Light & Shadow

I just couldn't write tonight.  So here are three photos all about light and shade.

I love how the rainbow divides the two shades of grey.  I never noticed that before.  My husband tells me it is probably to do with the way the particles of water bend the light.  These scientific phenomena move easily between the magic and the mundane.

The shadows on the play equipment,  mixed so beautifully in with the graffiti, just begged to be caught on camera.  I am sure a more experienced photographer who perhaps didn't have a dog dragging on a leash, might have found a more mysterious angle.   

And the last... that patterned light-splash on a trunk.  Ephemeral and dancing until captured in digital memory in such defined parameters.  The drive to capture beauty is frustrating but also interesting.  What does my phone's robotic eye see?   

Just light and shadow (like any artist) and the way the two form an image depicting three dimensions when diligently reproduced.  Fascinating.

16 thoughts on “Light & Shadow

    1. Knowing how a rainbow works makes it more magical, not less, because it adds layers of wonder and appreciation, without taking any away. Scientists see the pretty colours just like you do, but they also see an example of dispersion, evidence of the wave nature of light – it’s flight as a pair of twining, inter-supporting fields, caught for the tiniest instant in a water drop that slows and untwists the colours, and sends them back to your eye – where you take them as photons – particles, all or nothing – flicking a molecule’s shape to trigger a release of transmitter…
      When a well-read person reads a new book they see layers of meaning – links to other books, references to many sources, they recognise clichΓ©s and standard plots. Being well-read helps you appreciate each new book you pick up as it adds to your knowledge.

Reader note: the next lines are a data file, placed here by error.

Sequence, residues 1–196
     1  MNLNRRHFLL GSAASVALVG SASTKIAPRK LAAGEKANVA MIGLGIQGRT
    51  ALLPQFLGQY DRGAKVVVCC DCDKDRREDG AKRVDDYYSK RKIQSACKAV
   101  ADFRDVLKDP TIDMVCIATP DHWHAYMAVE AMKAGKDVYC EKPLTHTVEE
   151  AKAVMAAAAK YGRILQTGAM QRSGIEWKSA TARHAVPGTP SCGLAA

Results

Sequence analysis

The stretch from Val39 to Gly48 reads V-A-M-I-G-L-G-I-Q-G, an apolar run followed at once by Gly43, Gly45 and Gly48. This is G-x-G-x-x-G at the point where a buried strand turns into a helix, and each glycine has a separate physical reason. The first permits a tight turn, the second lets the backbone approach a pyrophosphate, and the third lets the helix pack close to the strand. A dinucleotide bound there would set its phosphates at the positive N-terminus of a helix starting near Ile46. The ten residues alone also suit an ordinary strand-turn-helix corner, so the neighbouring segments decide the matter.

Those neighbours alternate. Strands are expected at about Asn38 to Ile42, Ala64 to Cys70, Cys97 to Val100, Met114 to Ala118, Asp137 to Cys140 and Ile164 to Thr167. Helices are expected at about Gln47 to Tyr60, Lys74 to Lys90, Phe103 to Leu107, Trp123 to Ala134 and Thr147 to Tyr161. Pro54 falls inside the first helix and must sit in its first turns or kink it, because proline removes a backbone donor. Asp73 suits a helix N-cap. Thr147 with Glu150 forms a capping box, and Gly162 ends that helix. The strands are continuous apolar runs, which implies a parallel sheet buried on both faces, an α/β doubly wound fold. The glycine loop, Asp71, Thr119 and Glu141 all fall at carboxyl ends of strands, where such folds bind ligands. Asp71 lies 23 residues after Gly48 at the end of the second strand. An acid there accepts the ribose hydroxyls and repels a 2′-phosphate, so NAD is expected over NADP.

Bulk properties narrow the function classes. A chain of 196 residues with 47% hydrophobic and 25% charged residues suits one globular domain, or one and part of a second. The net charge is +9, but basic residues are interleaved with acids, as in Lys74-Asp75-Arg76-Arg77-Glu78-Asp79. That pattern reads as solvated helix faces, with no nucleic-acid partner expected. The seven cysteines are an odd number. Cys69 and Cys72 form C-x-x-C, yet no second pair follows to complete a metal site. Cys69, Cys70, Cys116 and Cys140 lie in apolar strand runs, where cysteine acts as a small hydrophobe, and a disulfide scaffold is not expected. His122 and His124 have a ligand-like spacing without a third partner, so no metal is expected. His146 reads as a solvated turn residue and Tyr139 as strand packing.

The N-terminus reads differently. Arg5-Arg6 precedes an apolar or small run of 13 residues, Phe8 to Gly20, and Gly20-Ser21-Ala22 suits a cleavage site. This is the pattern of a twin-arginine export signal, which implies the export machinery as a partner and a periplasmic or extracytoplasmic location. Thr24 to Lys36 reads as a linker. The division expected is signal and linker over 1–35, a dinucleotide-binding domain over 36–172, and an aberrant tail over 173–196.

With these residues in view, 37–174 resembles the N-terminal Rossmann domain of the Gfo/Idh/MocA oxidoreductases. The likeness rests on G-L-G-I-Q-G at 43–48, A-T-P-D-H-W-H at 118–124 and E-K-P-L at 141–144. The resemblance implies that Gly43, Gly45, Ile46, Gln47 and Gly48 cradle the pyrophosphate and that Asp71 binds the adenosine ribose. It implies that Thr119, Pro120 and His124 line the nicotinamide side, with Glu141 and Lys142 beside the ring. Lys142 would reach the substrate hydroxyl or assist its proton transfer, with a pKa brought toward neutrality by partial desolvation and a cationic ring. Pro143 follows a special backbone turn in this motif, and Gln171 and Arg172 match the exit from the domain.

Literacy of all sorts should be prized.

      Liked by 2 people

      1. I am sorry you feel silly. I think anotherkatewilson’s explanation of the science is so beautiful. Not everybody can reveal science so eloquently and poetically. I hope you can see the comment like that too.

        Liked by 1 person

    2. I think there are three people involved in this. There is my comment about scientific phenomena “moving easily between the magic and the mundane”. I was very tired when I wrote that and I can’t honestly say what I was thinking. But I respect science and I also hold onto some childhood magic like the idea that there might be ghosts (something my husband absolutely discounts). But I can see how my post might be read as a disgruntlement with science and I regret that. Then there was your response. Reading it now, I think maybe I can see how you could love science but still write that. But when I first read it, I was deeply shocked that I had elicited that response. Especially the last line about a law against facts. You put a smiley face which perhaps indicated that it was in jest but I really wasn’t sure. So then I read anotherkatewilson’s response and to me it was a kind of mini essay on a topic she is deeply passionate about. I’m not sure that I see it as scolding you. What I’m trying to say is… written text is so tricky in the getting across of true meaning and mood. My original writing was ambiguous in its meaning. And two of us misread the intention of your response. I can’t speak for anotherkatewilson to say whether she intended to rebuke you. But I read it as somebody who knew about rainbows and felt compelled to reveal another kind of beauty in them that WAS based in science, not just in appearance. So I want to claim at least part of the blame for you feeling silly and apologize for my ambiguous post.

      Liked by 1 person

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